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It must also be said that much of the film’s power comes from the music – a perverse soundtrack of howling strings, clacking wood and hideous chanting. The marriage of these sounds with the film’s visuals is overwhelmingly horrific.

This film also excites me because of its unexpected wide release. Not only that, but it’s exceeding expectations at the box office. People are flocking to see this film. If this trend continues, perhaps it will open the doors for more horror in this vein. We’re witnessing the possible birth of a wide-spread genre renaissance. In the meantime, it’s enough to enjoy this brilliant nightmare on its own. Go live deliciously and experience its darkness.

Film Review: SOUTHBOUND

Posted in Films That Haunt Me, Reviews with tags , , , , , , , , , , , , on February 11, 2016 by smuckyproductions

 

Anthology films are notoriously difficult. Balancing the tone, theme, characters, and transitions can overwhelm any director, let alone four at once. When done well, though, these works are brilliantly entertaining – especially in horror. We’re lucky to have another classic in 2016. Take a ride to Hell in this year’s SOUTHBOUND.

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Fresh from Toronto’s Midnight Madness section and helmed by four different directors (most veterans from 2012’s VHS), this collection of stories is all set on a mysterious road deep in the Southwest. Each of the tales revolves around this strange netherworld, and their characters all find themselves trapped there – two men on the run from wraiths, a rock band who ask for help from the wrong family, a man who has to save a woman’s life in an abandoned hospital, a crazed man searching for his lost sister. These unwitting souls confront all manner of demons, monsters and madness, just off the map.

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The world of this film is astoundingly creepy and fun. It’s a deformed lovechild of Rod Serling, John Carpenter, and perhaps a dash of Flannery O’Connor – brewed in a pot of metaphysical, weird-fiction terror. “Carnival of Souls” plays on several screens throughout the stories, which gives a hint of the rules in this world – there are none. It’s unapologetically weird, and it oozes uncomfortable dread, something most horror films can’t claim. The filmmakers know how to make the viewer feel just a little bit off. So you’re scared before the mayhem even begins.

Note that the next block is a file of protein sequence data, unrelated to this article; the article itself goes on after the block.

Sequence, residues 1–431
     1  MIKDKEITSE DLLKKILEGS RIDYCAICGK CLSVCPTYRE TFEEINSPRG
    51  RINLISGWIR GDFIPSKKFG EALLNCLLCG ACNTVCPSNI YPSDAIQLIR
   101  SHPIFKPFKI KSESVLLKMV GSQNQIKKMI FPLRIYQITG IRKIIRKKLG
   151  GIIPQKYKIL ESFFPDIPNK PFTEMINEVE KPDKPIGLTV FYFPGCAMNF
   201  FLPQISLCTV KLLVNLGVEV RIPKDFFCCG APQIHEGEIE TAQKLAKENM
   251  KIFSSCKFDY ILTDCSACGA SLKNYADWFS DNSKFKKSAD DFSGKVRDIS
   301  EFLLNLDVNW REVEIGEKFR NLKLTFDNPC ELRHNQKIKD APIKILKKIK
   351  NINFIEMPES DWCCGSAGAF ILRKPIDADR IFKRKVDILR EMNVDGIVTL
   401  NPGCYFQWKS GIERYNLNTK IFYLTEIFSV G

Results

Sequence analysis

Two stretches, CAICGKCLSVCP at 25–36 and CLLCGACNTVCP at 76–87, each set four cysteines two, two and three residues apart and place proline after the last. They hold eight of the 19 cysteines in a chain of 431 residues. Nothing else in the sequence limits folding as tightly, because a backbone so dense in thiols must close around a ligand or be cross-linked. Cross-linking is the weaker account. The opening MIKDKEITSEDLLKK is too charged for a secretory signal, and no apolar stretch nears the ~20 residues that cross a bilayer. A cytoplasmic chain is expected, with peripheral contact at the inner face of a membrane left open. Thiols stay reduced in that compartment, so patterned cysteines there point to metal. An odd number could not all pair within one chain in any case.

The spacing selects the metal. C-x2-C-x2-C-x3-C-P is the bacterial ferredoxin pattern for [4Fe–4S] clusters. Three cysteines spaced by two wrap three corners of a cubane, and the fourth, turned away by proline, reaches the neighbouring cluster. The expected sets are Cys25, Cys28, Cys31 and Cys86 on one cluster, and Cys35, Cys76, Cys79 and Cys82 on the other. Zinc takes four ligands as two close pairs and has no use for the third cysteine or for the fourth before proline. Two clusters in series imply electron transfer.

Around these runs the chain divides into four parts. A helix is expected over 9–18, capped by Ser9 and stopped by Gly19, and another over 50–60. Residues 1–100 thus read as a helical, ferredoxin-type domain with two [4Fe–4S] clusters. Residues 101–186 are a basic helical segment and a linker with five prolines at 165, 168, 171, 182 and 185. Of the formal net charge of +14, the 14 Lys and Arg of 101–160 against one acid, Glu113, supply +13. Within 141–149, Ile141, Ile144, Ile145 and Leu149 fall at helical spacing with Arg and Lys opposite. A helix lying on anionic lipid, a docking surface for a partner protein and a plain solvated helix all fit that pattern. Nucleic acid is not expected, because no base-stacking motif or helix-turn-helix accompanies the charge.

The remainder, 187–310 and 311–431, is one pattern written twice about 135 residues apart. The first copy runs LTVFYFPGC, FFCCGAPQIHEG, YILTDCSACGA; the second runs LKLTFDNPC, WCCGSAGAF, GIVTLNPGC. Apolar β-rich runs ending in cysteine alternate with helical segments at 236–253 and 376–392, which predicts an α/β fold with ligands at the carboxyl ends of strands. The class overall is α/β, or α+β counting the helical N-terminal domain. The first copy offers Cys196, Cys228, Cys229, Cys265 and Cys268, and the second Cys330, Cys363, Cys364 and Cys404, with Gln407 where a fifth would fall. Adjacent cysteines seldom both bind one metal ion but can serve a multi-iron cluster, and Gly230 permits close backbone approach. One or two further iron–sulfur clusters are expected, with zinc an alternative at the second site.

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It helps, too, that each of the stories features a character who we care about (at least, I did). The writers create authentic humans with flaws and quirks, and they develop them with rapid skill. Cliches are also hard to find. That is part of the weirdness – whatever a ‘normal’ film would do, this one blatantly swerves around, or does with such bravado that it’s shocking anyway. Horror cinema rarely sees such a unique, insane universe.

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I am not surprised to find out that the folks at Dark Sky Films, who brought us modern classics like “The House of the Devil” and “We Are Still Here,” are involved in this release. Larry Fessenden himself voices a sinister radio host who introduces each segment a la Mr. Serling. Like many of their offerings, this one feels retro, but it’s also rooted in our modern world, cleverly using cell phones (that actually work) and avoiding gender stereotypes. The characters are contemporary, but the nightmare is an amalgamation of 70s strangeness, 50s music and 40s wardrobe. It fits into the Dark Sky canon beautifully – and we can only hope that company will continue to make such brilliant genre pieces.

Though it is a limited release, if you can’t find it in a theater, get to it through the Internet – it’s a must-see for fans of classic horror from any decade. It’s bizarre, funny, ultra-bloody, and legitimately frightening. Turn on the ignition and drive down this dark road.

Update: Sundance 2016 Thus Far

Posted in Updates with tags , , , , , , , , , , on January 24, 2016 by smuckyproductions

Greetings, all! Many apologies for the long delay in posting – it’s been a busy week, to say the least. But in the best possible way.

Most of my initial time was spent wandering Main St. and getting a feel for the layout of the festival. It’s wide-spread and a bit tough to navigate. The main area is gorgeous, though, and chock-full of people.

I was able to attend the opening night party on Thursday, where I met the guys from SpectreVision and had a great talk with them (though we had to shout – Elijah Wood was DJ-ing). Witnessing the energy of this event cemented Sundance’s spirit for me: so many people from the most random of places, all congregating to celebrate film and music. It was a rowdy and exhilarating experience.

Come Friday, there was work to do – we had to shoot a film. I won’t spoil the plot for you, but the shoot went exceedingly well. It will be complete by Tuesday, when I can post it online for you.